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“Trust me and let go,” Chance’s voice is kind for the first time since I met him. “I’ll catch you.”

He helped me up a ladder.

He pulled me up after the jumps.

He won’t let me fall now, not after all that trouble.

I glance up and see thousands of lights I didn’t notice before. They shimmer and wink at me. The moment is dreamlike.

Wow, I’ve never seen anything so beautiful.

I let go of the edge, and with my eyes on the twinkling lights in the sky, I fall.

As I drop down the side, the building scrapes against my arms and stomach. Suddenly an arm wraps around my hips, and I feel hot breath spread over my stomach. Then I’m yanked forward, and my forehead slams hard against the top part of the opening as I’m pulled into the building.

My vision blurs, and the lights in the sky disappear.

This time I don’t care about embarrassing myself. As Chance starts to lower me to the floor, I throw my arms around his neck and hug him as tight as I can.

This is the first man I’ve ever hugged. Well, besides Dad.

I’ll never forget this moment.

“Thank you for catching me,” I whisper, near tears and still breathless from the fear of plummeting to my death.

I should be straightening out my shirt and not clinging to him, but I can’t help myself.

Chance’s hand brushes over the exposed skin of my lower back, sending a wave of tingles rushing through my body. To my surprise, he hugs me back, his arms and chest feeling like the safest place on Earth.

“It’s nothing,” he says, his tone hoarse. “We have to move.”

Setting me down on my feet, his hands move to my sides. My heart begins to race as he takes hold of my shirt, tugging it down to cover my exposed skin.

I pull my arms back and look at my feet, so I don’t have to make eye contact with him. I’m mortified that I hugged him. I’ve never done something like that before.

It was an indecent thing to do and not the virtuous way.

“I saw lights,” I blurt out to cover up my embarrassment. “In the sky.”

“They’re called stars. You’ve never seen them because of the dome. There’s a lot you’ll learn on this side,” Chance explains as he takes the backpack from Ethan.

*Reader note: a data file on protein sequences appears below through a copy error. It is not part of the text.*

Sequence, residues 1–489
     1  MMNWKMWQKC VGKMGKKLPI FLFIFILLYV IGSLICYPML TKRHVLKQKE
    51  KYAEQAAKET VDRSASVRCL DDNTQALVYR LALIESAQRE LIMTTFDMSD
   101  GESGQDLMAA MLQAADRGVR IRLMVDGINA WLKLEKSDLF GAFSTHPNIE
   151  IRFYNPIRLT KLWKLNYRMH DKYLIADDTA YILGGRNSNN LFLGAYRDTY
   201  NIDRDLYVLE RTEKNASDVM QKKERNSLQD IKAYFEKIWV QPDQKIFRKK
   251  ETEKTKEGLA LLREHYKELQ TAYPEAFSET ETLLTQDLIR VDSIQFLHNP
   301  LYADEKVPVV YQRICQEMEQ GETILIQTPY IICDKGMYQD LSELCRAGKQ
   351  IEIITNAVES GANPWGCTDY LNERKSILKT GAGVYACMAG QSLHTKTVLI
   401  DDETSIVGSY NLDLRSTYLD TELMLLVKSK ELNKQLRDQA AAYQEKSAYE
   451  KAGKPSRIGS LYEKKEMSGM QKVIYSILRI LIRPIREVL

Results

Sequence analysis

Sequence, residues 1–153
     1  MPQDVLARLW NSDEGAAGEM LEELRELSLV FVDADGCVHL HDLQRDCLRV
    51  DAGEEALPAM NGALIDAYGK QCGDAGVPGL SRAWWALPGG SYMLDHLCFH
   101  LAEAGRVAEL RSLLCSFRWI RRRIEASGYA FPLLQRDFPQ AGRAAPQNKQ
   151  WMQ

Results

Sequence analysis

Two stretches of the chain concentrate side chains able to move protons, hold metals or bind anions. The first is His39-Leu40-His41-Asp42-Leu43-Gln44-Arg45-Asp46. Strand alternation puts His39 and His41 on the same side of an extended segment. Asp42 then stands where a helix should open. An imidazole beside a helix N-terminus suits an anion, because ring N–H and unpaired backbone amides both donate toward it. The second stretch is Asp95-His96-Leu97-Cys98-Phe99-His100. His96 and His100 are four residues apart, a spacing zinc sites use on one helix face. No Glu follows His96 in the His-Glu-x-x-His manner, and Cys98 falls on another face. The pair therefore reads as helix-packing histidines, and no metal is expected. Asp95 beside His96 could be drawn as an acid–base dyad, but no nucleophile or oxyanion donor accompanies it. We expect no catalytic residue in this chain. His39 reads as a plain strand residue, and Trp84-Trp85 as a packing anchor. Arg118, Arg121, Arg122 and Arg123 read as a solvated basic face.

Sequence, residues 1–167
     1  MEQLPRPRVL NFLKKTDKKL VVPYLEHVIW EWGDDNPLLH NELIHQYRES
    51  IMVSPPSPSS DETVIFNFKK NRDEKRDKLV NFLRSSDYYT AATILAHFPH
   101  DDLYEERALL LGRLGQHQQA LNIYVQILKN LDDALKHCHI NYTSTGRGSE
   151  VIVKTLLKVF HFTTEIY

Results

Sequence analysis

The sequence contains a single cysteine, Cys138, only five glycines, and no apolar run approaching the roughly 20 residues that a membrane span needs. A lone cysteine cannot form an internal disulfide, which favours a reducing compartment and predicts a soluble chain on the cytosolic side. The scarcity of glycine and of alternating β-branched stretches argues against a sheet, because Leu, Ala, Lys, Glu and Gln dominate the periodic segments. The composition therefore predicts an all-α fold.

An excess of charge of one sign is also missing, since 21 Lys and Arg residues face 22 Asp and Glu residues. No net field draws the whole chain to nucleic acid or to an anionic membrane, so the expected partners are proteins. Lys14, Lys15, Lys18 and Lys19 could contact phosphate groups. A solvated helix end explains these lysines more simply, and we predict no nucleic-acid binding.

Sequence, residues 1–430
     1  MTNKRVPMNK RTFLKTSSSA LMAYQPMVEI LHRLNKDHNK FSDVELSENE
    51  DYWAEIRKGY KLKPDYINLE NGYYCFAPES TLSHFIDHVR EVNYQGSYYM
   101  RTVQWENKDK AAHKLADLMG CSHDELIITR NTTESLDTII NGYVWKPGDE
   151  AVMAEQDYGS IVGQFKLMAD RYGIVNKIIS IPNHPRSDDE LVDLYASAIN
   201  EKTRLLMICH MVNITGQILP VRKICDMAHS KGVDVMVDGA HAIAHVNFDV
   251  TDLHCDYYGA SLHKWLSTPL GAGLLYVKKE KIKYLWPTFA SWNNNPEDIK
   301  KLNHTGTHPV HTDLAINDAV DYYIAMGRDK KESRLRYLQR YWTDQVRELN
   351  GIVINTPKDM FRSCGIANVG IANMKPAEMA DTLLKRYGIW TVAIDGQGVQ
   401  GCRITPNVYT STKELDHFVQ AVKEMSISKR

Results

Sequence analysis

He walks away as if I didn’t just hug him – as if it meant nothing to him. My cheeks flame with humiliation and shame.

Things like hugs and stars mean nothing to the deviants.

“Stars.” I test the word on my tongue. It feels foreign, but the name suits them. There are thousands of lights flickering out there, and I never knew about them before tonight.

What else don’t I know about?

Will I make it long enough to find out what else has been kept from me?

“Come on,” Chance mutters from a doorway. “Let’s go.”

I only see his shadow as he disappears down a dark flight of stairs.

I can still feel the ghost of his breath on my stomach and pull at the hem of my shirt. My heart skips a beat, and heat creeps up my neck and cheeks. I duck my head and wrap my arms around my waist, not ready to inspect the weird emotion.

Moving down a staircase, I end up between Aaron and Ethan. It’s dark, and I can barely see my hand in front of me. I keep close to the wall, feeling each step jolt through my body, all the way to my teeth.

I’m constantly conscious of keeping myself from walking into Ethan, but I don’t want to go too slow, scared Aaron will bump into me.

It doesn’t help because when Ethan suddenly stops, I slam nose-first into his back. He takes hold of my arm and slides his hand down, feeling for my fingers and pulling me closer. An awkward feeling spreads up my arm at his soft touch.

“We have to wait for Chance to come back,” he whispers.

The fact that Ethan feels he needs to whisper sends a chill down my spine. Aaron is close to my left, and I stand crammed between the two men who saved my life today.

“Thank you.” I feel a need to show my appreciation in some way while we wait. “For doing what you did back there. You could’ve left me to–” I let my sentence hang, unable to finish it.

“Don’t mention it. Your dad asked us to help break you out, and in return, he’ll help us.”

“Why did my dad arrange this?” My throat feels even drier now. “Is it really unsafe in the ecocity?”

“Yeah, but don’t worry–”

“This way. Quick,” Chance barks the orders at us, cutting off from completing his sentence.

Ethan lets go of my hand and darts forward, and I follow close on his heels. At the entrance of the building, we all duck down and follow Chance out onto a sidewalk, keeping to the dark shadows against the walls.

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